On the plane back from Brazil's World Youth Day, Pope Francis conversed with journalists on a broad range of subjects. The next morning, his statement, "If someone is gay and he searches for the Lord and has good will, who am I to judge?" was reported by leading media outlets as a signal for change within the Catholic Church. Generally ignored was the pontiff's reiteration that the Church teaches that homosexual acts are a sin.
"This is yet another example of the mainstream media being utterly incompetent when reporting on matters of religion," says Al Kresta, author of the new book Dangers to the Faith: Recognizing Catholicism's 21st Century Opponents and host of Ave Maria Radio's Kresta in the Afternoon.
He says that any journalist worthy of the title needs only reference the catechism of the Catholic Church to understand the context of the Pope's statement.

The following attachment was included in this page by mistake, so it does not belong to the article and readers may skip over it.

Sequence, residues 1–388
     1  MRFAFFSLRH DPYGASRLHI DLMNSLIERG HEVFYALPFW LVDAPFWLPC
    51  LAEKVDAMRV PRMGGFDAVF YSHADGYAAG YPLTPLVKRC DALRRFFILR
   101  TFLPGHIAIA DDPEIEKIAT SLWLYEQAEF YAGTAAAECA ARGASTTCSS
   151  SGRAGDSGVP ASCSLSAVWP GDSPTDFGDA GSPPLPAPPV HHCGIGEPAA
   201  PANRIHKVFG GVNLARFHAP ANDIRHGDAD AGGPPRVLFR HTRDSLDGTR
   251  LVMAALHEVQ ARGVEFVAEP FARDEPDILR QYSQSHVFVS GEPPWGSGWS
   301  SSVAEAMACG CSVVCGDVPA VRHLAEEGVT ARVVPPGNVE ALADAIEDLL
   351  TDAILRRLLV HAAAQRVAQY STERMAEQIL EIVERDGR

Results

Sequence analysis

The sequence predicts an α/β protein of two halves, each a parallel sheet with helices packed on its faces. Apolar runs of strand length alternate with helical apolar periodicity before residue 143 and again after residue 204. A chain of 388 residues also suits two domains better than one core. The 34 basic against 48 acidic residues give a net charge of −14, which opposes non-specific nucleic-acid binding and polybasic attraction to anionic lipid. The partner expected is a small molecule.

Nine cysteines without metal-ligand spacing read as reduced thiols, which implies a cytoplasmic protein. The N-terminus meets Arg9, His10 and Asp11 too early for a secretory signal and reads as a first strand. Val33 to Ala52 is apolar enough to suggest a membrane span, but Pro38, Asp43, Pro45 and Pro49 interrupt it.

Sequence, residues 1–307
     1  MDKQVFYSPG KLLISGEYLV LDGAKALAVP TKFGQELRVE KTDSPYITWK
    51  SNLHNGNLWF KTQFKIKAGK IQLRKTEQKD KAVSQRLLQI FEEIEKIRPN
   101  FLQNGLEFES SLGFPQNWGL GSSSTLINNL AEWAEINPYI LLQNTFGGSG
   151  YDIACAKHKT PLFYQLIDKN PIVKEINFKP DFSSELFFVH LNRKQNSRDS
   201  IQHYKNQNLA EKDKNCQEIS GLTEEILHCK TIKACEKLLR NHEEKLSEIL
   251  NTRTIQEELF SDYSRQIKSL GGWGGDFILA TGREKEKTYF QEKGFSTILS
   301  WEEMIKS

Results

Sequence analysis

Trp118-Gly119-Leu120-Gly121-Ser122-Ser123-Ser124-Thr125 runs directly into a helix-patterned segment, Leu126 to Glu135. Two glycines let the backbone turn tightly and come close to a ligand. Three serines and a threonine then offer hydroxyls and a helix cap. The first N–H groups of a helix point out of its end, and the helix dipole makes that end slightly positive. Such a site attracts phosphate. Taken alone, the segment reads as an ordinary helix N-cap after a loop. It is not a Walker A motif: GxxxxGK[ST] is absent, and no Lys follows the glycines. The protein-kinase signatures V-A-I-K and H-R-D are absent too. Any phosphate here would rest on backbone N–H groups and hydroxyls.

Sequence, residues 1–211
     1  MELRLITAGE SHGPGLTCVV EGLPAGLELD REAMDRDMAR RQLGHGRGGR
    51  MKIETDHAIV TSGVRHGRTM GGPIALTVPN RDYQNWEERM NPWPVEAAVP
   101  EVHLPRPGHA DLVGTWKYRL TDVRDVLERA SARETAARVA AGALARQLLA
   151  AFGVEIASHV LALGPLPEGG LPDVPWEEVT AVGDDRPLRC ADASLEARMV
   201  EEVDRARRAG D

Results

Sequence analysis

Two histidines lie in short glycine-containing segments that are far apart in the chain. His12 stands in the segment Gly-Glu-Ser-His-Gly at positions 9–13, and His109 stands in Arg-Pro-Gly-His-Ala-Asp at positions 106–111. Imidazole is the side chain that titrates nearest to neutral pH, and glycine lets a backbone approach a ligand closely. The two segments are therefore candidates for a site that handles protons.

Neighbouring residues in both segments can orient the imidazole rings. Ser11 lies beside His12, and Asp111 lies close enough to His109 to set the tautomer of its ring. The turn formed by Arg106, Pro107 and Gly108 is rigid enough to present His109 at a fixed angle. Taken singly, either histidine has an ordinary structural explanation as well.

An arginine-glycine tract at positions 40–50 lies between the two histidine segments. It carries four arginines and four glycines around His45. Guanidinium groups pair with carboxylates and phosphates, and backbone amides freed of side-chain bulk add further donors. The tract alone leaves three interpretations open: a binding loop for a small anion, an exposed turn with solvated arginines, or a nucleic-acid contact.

"In fact," explains Kresta, "one need only to read the next sentence of Pope Francis' comments: 'The problem is not having this orientation. We must be brothers.'"
Instead of understanding the Church's constant teaching, Kresta says the media used the pope's words as a shameful attempt to pit Pope Benedict XVI and Pope Francis against each other.
"The Pope broke no new ground because Catholic teaching is, and always will be, that homosexual orientation is not in and of itself sinful," Kresta says.